October 2016: Medicine (Baltimore)
Fumihiko Watanabe, Kazuhiko Hiroyasu, Kazuhiko Ueda
BACKGROUND: Fractured connections between implants and implant abutments or abutment screws are frequently encountered in a clinical setting. The purpose of this study was to investigate fracture strength using a torsion test at the interface between the implant and the abutment. METHODS: Thirty screw-type implant with diameters of 3.3, 3.8, 4.3, 5.0, and 6.0 mm were submitted to a torsion test. Implants of each size were connected to abutments with abutment screws tightened to 20 N · cm...
December 2015: Int J Implant Dent
Stefano C Meliga, Jacob W Coffey, Michael L Crichton, Christopher Flaim, Martin Veidt, Mark A F Kendall
: In-depth understanding of skin elastic and rupture behavior is fundamental to enable next-generation biomedical devices to directly access areas rich in cells and biomolecules. However, the paucity of skin mechanical characterization and lack of established fracture models limits their rational design. We present an experimental and numerical study of skin mechanics during dynamic interaction with individual and arrays of micro-penetrators. Initially, micro-indentation of individual skin strata revealed hyperelastic moduli were dramatically rate-dependent, enabling extrapolation of stiffness properties at high velocity regimes (>1ms(-1))...
October 13, 2016: Acta Biomaterialia
Sajjad Jafari, R K Singh Raman, Chris H J Davies, Joelle Hofstetter, Peter J Uggowitzer, Jörg F Löffler
Magnesium (Mg) alloys have attracted great attention as potential materials for biodegradable implants. It is essential that an implant material possesses adequate resistance to cracking/fracture under the simultaneous actions of corrosion and mechanical stresses, i.e., stress corrosion cracking (SCC) and/or corrosion fatigue (CF). This study investigates the deformation behaviour of a newly developed high-strength low-alloy Mg alloy, MgZn1Ca0.3 (ZX10), processed at two different extrusion temperatures of 325 and 400°C (named E325 and E400, respectively), under slow strain tensile and cyclic tension-compression loadings in air and modified simulated body fluid (m-SBF)...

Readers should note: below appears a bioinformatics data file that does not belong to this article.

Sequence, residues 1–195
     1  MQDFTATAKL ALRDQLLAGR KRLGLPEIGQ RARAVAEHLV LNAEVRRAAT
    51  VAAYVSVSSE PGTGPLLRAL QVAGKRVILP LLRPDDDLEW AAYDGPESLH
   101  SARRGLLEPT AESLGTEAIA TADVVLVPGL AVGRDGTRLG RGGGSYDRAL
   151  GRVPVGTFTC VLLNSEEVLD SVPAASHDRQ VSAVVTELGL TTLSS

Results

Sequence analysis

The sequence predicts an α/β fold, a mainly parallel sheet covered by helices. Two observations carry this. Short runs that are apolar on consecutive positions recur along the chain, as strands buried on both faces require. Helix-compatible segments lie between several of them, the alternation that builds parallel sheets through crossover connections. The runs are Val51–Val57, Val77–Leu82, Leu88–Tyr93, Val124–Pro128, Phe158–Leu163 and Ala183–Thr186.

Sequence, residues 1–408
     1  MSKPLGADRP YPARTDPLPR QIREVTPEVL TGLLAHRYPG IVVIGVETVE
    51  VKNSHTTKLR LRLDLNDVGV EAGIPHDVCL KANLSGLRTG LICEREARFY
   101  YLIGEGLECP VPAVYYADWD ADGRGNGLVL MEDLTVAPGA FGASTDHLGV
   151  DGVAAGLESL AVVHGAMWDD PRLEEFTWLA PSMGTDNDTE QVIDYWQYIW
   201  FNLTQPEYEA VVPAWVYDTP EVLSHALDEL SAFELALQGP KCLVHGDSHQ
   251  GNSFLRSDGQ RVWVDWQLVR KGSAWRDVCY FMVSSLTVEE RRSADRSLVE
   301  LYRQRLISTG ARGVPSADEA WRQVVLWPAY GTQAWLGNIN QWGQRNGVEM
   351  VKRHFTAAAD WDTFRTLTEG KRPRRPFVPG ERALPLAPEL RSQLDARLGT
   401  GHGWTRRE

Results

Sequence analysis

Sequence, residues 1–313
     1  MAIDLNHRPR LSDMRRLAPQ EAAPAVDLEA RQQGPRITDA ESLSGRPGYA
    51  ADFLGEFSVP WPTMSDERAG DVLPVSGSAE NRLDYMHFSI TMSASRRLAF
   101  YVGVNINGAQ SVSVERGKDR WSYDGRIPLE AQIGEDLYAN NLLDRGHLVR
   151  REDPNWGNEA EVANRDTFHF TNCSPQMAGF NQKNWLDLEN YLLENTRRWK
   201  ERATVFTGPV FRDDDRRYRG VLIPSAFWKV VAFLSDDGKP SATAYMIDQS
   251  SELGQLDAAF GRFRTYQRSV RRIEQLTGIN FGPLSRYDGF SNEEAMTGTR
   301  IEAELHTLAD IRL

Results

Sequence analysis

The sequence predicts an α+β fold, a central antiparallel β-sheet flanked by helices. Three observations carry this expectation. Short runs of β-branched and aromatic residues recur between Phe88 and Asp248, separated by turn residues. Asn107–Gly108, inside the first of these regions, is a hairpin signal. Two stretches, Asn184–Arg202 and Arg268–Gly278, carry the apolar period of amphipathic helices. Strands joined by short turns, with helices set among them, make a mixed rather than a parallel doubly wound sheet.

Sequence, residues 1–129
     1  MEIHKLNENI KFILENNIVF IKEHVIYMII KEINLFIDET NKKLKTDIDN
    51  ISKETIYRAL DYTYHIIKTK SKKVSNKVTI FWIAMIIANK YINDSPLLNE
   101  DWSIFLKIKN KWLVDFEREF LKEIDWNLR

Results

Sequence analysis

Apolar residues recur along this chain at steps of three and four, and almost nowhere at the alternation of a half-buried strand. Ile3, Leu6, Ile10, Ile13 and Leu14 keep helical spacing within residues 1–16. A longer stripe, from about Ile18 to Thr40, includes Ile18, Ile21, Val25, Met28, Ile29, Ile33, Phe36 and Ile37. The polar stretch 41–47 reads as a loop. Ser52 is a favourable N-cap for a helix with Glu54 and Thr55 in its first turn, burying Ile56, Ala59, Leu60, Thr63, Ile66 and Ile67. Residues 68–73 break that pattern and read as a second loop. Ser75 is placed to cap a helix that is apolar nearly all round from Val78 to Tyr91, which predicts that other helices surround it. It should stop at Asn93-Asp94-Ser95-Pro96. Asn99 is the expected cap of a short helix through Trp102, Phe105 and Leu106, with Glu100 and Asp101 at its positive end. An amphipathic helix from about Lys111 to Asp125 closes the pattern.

September 28, 2016: Journal of the Mechanical Behavior of Biomedical Materials
Yang Lu, Jong Ho Lee, Xiang Yang, I-Wei Chen
Resistance random access memory (RRAM) is a rapidly developing emergent nanotechnology. For practical applications and basic understanding, it is important to ascertain whether RRAM undergoes uniform or filamentary switching, but on this point previous area-scaling studies have often shown ambiguous and conflicting findings. Here we demonstrate a simple test-physically breaking the device into two and studying their characteristics individually-can make a definitive determination. Our experiment on two prototypical RRAMs found that one (the nanometallic memory) switches and conducts uniformly while the other (the filamentary memory) does not...
October 13, 2016: Nanoscale
Isaac J Larsen, Michael P Lamb
The surfaces of Earth and Mars contain large bedrock canyons that were carved by catastrophic outburst floods. Reconstructing the magnitude of these canyon-forming floods is essential for understanding the ways in which floods modify planetary surfaces, the hydrology of early Mars and abrupt changes in climate. Flood discharges are often estimated by assuming that the floods filled the canyons to their brims with water; however, an alternative hypothesis is that canyon morphology adjusts during incision such that bed shear stresses exceed the threshold for erosion by a small amount...
October 12, 2016: Nature
Carolina A Moreira, John P Bilezikian
CONTEXT: Stress fractures are repetitive use injuries in which recurrent strains lead to material fatigue and microarchitectural discontinuities. Stress fractures account for up to 20% of athletic injuries, more commonly sustained by women and in those who engage in track-and-field events. The pathogenesis of stress fractures is multifactorial. Although most stress fracture are reported among women who may experience menstrual disturbances, low body mass index, low energy intake and sometimes low bone mass, these individuals do not regularly seek endocrinological attention...
October 12, 2016: Journal of Clinical Endocrinology and Metabolism